Marge continued her household chores. Then the telephone rang….
That Saturday, the lives of many Fremonters were affected when a natural gas explosion tore through the six-story hotel, killing 18 people and injuring dozens more. Two other people died later due to injuries from the blast.
In August 1999, the National Fire Protection Association listed the Hotel Pathfinder explosion as the deadliest blaze in Nebraska in the 20th century. Reports indicated that gas had seeped into the hotel basement, but no one determined what ignited it. When the building exploded, the blast soared up through the elevator and mushroomed on the sixth floor, Sawyer said.
Much of the hotel's first two floors which included a barbershop, drug store, lobby, lounge, dining room, ballroom and business offices fell into the basement. The blast flung debris through the air. Chunks of concrete from the sidewalk were blown into the street.
A surreal scene
Todd remembers the forceful explosion that tossed her car around like a rubber ball, and the heavy clouds of black smoke.
"I couldn't see a thing," she said. "It was completely black inside and outside the car."
Todd floored the brake to no avail. Finally, the car came to a stop. The windows were blown out and the car's fawn-colored interior had become a mosaic of glass, brick and concrete. Todd noticed the windows were gone from the smoke-filled bakery and saw fire coming from the hotel.
She knew she had to get out of the car. By then, people were screaming and crying. She crawled out of the driver's side door and hobbled down the street toward the former Jensen's Cafe (where Marcie's is now). Somehow the scene assumed a surreal appearance. Cafe patrons, still holding their coffee cups, stood on the sidewalk, then parted like the Red Sea as Todd made her way through the crowd.
"Everybody was staring at me and the Pathfinder," she said. "It was like everybody was in shock."
A woman, whose hair had just been shampooed, hurried from a nearby salon screaming; men nearby grabbed the woman to keep her from entering the blazing hotel.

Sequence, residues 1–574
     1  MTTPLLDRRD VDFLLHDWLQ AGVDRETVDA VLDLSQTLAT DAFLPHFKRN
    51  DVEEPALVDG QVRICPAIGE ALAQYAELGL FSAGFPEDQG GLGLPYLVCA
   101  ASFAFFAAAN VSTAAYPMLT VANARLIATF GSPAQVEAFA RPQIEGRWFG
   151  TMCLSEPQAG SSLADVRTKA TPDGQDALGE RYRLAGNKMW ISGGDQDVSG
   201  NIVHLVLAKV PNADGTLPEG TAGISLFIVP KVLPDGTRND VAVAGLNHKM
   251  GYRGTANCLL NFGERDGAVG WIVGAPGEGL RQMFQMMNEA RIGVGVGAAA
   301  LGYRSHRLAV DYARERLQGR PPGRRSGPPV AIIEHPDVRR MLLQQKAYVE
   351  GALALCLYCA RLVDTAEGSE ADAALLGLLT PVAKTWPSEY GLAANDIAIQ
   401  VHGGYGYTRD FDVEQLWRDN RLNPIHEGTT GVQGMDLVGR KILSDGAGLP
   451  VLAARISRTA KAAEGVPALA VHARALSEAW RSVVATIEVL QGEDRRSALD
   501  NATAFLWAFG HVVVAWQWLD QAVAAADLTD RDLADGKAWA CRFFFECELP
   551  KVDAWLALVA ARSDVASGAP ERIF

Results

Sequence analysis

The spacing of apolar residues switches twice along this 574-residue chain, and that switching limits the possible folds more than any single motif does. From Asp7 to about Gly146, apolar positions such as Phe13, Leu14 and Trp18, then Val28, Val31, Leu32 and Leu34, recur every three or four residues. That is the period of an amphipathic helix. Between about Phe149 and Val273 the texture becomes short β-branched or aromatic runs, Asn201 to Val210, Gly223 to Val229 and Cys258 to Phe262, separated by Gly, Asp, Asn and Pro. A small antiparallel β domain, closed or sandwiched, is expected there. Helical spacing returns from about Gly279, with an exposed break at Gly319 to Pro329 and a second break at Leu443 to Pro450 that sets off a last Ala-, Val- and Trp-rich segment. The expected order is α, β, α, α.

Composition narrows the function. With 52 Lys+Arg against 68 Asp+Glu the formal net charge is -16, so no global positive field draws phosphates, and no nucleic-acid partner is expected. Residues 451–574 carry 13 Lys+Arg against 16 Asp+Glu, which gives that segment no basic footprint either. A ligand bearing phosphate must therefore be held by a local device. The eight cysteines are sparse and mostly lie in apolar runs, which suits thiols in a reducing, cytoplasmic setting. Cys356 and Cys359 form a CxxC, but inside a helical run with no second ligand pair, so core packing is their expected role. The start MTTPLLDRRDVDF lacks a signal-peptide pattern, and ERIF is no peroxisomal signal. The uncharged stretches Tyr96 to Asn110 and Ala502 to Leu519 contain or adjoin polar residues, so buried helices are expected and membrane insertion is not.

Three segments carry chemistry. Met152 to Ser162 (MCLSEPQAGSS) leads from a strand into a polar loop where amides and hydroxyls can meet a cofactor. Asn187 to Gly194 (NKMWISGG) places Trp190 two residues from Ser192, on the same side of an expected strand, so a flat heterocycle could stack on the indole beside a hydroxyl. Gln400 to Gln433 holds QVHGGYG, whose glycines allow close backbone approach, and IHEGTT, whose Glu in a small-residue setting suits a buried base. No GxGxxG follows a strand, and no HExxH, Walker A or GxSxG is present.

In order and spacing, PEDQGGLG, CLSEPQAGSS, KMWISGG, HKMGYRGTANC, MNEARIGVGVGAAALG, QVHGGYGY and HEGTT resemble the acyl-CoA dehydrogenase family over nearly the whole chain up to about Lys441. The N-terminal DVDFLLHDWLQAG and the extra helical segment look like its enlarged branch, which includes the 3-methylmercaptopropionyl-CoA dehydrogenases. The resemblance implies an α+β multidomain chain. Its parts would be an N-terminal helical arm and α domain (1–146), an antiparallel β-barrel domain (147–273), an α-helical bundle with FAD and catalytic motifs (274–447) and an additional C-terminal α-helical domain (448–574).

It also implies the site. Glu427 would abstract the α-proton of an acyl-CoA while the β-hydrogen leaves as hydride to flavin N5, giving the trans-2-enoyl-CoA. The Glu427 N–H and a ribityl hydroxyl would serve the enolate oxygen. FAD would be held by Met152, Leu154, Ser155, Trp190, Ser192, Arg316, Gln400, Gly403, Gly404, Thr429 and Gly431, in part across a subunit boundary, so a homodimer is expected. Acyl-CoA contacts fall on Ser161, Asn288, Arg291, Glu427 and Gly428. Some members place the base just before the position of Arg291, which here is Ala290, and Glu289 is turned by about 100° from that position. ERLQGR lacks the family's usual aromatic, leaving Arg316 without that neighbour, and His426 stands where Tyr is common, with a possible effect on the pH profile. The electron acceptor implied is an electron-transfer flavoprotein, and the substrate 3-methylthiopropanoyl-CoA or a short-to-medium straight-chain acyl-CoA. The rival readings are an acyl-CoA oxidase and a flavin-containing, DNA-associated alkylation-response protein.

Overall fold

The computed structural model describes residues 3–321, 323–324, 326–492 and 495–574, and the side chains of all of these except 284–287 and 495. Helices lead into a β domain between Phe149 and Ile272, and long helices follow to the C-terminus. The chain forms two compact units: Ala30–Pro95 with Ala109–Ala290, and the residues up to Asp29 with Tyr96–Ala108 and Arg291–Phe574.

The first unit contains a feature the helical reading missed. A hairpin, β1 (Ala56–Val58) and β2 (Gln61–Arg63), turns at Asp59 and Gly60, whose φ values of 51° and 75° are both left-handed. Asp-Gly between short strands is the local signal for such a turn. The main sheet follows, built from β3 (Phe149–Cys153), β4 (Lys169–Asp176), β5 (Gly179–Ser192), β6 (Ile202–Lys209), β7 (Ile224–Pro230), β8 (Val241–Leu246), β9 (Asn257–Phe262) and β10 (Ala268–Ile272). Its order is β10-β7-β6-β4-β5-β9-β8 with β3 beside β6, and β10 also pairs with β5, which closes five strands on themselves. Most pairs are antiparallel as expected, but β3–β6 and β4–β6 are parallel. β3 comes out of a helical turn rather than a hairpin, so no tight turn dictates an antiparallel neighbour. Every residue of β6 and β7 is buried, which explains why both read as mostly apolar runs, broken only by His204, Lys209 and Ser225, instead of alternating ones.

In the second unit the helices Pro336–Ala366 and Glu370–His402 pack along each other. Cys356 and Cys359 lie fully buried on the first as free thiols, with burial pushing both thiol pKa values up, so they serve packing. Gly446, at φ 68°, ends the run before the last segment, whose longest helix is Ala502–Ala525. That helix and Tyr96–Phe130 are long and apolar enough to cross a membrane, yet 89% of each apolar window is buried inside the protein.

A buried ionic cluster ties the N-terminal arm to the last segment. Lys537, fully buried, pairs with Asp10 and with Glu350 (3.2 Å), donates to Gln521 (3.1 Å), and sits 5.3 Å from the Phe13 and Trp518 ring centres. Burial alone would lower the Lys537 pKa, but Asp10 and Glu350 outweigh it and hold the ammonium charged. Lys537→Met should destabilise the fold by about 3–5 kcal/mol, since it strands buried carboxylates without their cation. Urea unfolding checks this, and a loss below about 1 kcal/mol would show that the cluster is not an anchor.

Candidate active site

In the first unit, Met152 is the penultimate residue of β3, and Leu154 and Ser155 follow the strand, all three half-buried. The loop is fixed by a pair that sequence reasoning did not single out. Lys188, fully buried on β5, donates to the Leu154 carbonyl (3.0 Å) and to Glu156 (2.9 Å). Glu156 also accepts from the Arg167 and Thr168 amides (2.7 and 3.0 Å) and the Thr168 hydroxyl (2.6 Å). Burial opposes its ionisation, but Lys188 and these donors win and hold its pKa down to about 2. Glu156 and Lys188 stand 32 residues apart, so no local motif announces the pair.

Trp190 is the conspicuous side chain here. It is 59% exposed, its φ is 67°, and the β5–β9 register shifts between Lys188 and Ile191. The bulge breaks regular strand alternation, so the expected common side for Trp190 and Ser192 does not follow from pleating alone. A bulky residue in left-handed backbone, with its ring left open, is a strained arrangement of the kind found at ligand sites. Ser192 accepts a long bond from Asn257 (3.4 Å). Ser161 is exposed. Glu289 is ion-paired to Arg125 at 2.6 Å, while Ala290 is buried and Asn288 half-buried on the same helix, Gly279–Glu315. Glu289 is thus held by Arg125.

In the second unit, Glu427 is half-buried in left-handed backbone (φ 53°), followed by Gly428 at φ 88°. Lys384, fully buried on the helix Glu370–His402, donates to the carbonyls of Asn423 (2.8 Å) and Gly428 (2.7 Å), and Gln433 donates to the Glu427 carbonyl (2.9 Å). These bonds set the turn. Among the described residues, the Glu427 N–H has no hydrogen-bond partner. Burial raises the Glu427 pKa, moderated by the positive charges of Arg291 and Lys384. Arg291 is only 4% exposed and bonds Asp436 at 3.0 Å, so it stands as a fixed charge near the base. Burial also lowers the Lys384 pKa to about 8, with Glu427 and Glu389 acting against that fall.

Two other men rushed Todd to the hospital. She was in shock and had whiplash. A piece of metal had entered her leg. And for a year after the explosion, little bits of concrete and glass would work their way through to the surface of her face and scalp.
At the fire station, the eight-man shift on duty was responding to the alarm; Capt. Bill Johnson called for all volunteers and off-duty firemen to report to the site. Sawyer, then 36, drove the rescue squad and followed the lead firetruck to the scene.
"It looked like a war zone,'' he said.
Rolling black smoke made it hard to see.
"I about ran into the truck ahead of me," he recalled.
The ladder truck drove over chunks of concrete, parked on the north side and firemen started helping people out of the upper stories. Toting a ladder, Sawyer went to the southeast side of the L-shaped hotel. There, where the building was just two stories high, Sawyer found six older people standing on the roof. He helped them to safety, then took a 24-foot ladder to the upper stories.
Volunteers and people from the street watched Sawyer, but were too frightened to help. Even now — almost 25 years later — the burly man's face reddens and his eyes fill with tears and he recalls the horrific loss of life that day, and the frustration of being unable to find someone to assist him.
Despite such obstacles, Sawyer crawled 15 feet on the fifth floor; smoke was within a foot of the floor. Later, he checked rooms on the third floor and found three more people.
While various firefighters rescued victims and extinguished the hotel fire, others were across the street at the bakery where a 1,200-pound piece of concrete had ripped through the ceiling, trapping Terry Jacobs, then 18, underneath. Firefighters spent 20 minutes digging through the rubble and pulling him free. The teen had a broken hip and was hospitalized for two weeks.
As rescue efforts continued, dazed onlookers stared at the grand hotel which had been a community landmark for 59 years. Hruska made his way to an area across the street.
All that was left of his father's shop was gaping, smoke-filled hole.
"If he was in there, he's not alive," Hruska told himself.
Just three years earlier, Hruska's mother had lost her battle with ovarian cancer. And only an hour before the blast, James Hruska and his father ate breakfast together as they had almost every morning since her death.